Andreas Vesalius Andreas Vesalius (31 December 1514 – 15 October 1564) was a Brabantian (in modern-day Belgium) anatomist, physician, and author of one of the most influential books on human anatomy, De humani corporis fabrica (On the Fabric of the Human Body). Vesalius is often referred to as the founder of modern human anatomy. He was professor at the University of Padua and later became Imperial physician at the court of Emperor Charles V. Andreas Vesalius is the Latinized form of the Dutch Andries van Wezel, a common practice among European scholars in his time. His name is also given as Andrea Vesalius, Andrea Vesalio, Andreas Vesal, André Vesalio and Andre Vesalepo. Pierre-Joseph Proudhon Proudhon, who was born in Besançon, was a printer who taught himself Latin in order to better print books in the language. His best-known assertion is that Property is Theft!, contained in his first major work, What is Property?

Charles V, Holy Roman Emperor Arms of Charles, Archduke of Austria, Duke of Burgundy, KG at the time of his installation as a knight of the Most Noble Order of the Garter Charles V (German: Karl V.; Spanish: Carlos I; Catalan: Carles I; Croatian: Karlo V.; Dutch: Karel V; Italian: Carlo V; Czech: Karel V.; French: Charles Quint; 24 February 1500 – 21 September 1558) was ruler of the Holy Roman Empire from 1519 and, as Charles I, of the Spanish Empire from 1516 until his voluntary retirement and abdication in favor of his younger brother Ferdinand I as Holy Roman Emperor and his son Philip II as King of Spain in 1556. As the ruler of many greater and lesser European states, Charles had a very complicated coat of arms. He was the heir of three of Europe's leading dynasties, the House of Habsburg of the Habsburg Monarchy, the House of Valois-Burgundy of the Burgundian Netherlands, and the House of Trastámara of the Crowns of Castile and Catalonia-Aragon.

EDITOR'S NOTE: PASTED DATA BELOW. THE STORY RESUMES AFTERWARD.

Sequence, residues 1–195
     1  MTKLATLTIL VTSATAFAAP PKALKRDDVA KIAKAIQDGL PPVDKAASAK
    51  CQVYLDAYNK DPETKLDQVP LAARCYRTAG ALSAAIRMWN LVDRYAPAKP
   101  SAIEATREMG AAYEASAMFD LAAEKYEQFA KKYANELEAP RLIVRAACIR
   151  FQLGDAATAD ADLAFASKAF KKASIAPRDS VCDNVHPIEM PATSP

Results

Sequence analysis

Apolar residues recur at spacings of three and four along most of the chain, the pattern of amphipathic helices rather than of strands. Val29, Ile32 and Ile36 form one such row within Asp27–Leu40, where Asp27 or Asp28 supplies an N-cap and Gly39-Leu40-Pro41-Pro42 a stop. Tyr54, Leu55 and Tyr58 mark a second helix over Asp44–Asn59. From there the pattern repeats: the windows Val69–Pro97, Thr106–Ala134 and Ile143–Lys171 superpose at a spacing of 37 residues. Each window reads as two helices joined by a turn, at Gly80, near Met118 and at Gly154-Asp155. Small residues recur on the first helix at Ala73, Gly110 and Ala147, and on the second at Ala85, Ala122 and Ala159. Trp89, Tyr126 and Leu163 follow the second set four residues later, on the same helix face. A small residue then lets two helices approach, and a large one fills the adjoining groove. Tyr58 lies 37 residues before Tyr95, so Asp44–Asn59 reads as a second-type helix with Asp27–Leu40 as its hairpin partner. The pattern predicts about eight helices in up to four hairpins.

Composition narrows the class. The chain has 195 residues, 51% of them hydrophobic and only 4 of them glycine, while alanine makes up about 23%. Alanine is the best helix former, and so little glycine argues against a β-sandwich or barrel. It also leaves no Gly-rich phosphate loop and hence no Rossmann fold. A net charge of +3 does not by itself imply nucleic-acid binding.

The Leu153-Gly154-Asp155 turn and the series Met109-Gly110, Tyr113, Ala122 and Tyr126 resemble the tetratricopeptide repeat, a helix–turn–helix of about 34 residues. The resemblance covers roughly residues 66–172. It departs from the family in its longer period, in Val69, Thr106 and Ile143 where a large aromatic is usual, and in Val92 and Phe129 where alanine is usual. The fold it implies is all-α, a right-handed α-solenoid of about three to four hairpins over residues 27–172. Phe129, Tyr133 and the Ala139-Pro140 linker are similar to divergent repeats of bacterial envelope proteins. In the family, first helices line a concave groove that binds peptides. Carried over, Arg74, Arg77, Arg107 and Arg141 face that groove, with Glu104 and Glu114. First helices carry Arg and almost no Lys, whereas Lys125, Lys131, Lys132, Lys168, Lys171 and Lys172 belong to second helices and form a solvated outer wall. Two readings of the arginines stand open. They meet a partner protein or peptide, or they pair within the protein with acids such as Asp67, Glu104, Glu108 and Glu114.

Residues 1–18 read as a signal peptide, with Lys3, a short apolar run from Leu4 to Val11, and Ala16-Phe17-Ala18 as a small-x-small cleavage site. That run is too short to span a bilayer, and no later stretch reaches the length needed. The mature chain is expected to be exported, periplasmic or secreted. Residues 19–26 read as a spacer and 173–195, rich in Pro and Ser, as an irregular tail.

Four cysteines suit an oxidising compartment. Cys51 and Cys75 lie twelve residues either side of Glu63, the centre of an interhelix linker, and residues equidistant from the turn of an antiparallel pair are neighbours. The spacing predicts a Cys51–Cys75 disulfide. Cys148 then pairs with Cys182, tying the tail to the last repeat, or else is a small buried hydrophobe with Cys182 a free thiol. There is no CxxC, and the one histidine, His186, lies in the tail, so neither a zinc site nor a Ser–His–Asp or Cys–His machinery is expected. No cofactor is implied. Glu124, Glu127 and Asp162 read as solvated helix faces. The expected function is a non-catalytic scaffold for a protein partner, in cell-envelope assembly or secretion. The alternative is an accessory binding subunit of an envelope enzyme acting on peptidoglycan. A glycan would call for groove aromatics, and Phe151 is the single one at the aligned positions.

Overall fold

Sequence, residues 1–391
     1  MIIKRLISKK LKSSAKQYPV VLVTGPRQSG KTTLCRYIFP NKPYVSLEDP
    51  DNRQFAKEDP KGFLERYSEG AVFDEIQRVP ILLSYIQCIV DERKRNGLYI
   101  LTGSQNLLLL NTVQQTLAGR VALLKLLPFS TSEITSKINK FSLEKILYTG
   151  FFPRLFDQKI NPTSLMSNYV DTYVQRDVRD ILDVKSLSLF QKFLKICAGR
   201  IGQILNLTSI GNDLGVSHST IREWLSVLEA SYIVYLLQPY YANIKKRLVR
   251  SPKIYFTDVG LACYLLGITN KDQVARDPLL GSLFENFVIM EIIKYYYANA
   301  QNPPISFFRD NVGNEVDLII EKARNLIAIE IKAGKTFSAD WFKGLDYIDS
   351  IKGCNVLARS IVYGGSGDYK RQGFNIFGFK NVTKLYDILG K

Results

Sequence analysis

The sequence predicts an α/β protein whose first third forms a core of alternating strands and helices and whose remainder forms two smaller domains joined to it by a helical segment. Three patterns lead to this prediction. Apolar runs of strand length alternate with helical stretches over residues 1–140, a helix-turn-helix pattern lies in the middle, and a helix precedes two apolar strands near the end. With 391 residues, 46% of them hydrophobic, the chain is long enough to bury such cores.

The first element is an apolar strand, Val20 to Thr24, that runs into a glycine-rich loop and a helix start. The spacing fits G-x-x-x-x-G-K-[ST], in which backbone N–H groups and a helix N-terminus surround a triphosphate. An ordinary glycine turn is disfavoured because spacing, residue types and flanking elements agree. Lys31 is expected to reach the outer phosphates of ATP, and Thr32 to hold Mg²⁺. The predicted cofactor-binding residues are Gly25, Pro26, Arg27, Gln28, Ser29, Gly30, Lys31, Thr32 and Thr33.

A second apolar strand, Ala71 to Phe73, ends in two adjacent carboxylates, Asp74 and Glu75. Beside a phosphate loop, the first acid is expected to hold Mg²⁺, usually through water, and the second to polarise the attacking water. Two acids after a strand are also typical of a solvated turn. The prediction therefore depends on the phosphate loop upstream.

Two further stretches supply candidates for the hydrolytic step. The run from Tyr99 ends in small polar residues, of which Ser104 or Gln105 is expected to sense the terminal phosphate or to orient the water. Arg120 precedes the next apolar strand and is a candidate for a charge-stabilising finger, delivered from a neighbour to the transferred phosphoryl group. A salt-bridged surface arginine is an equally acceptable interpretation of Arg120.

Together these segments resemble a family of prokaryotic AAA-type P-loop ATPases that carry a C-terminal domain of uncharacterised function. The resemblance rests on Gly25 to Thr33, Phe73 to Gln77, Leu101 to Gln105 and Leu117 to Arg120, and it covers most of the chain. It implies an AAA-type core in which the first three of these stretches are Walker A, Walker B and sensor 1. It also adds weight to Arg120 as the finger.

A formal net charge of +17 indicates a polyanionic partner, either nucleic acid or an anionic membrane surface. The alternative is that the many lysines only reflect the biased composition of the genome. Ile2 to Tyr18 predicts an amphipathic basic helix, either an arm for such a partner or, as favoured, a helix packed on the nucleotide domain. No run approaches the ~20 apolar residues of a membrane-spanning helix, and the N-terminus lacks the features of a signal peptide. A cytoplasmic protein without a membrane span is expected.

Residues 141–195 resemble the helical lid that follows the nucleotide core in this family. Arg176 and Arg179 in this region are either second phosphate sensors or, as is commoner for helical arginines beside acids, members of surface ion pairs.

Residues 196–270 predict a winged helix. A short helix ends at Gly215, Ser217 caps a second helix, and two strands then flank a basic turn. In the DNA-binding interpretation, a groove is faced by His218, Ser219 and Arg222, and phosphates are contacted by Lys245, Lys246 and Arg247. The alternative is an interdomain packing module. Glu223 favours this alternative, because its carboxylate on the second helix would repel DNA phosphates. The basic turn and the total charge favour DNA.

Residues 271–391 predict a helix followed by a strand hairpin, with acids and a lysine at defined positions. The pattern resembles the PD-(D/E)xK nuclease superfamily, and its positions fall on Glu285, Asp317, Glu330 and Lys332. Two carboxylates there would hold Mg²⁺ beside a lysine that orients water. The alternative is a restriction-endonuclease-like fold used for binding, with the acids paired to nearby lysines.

Phenomenology - is a major product of twentieth-century sociological theory developed in order to explain and explore the way people view the world in the light of their own experience, the way they interpret other people's words and behaviour through the medium of their own subjective understanding of the world, and how this affects patterns of human interaction. Its thinking underpins many of the methodological imperatives that have been built into qualitative research. Found in: Davies, M. (2007) Doing a Successful Research Project: Using Qualitative or Quantitative Methods. Basingstoke, Hampshire, England, United Kingdom: Palgrave Macmillan. ISBN: 9781403993793. by raviii Jul 31

Phenomenology - The study of how people experience the world. Found in: Glossary of Key Terms: by raviii Jul 31

Related: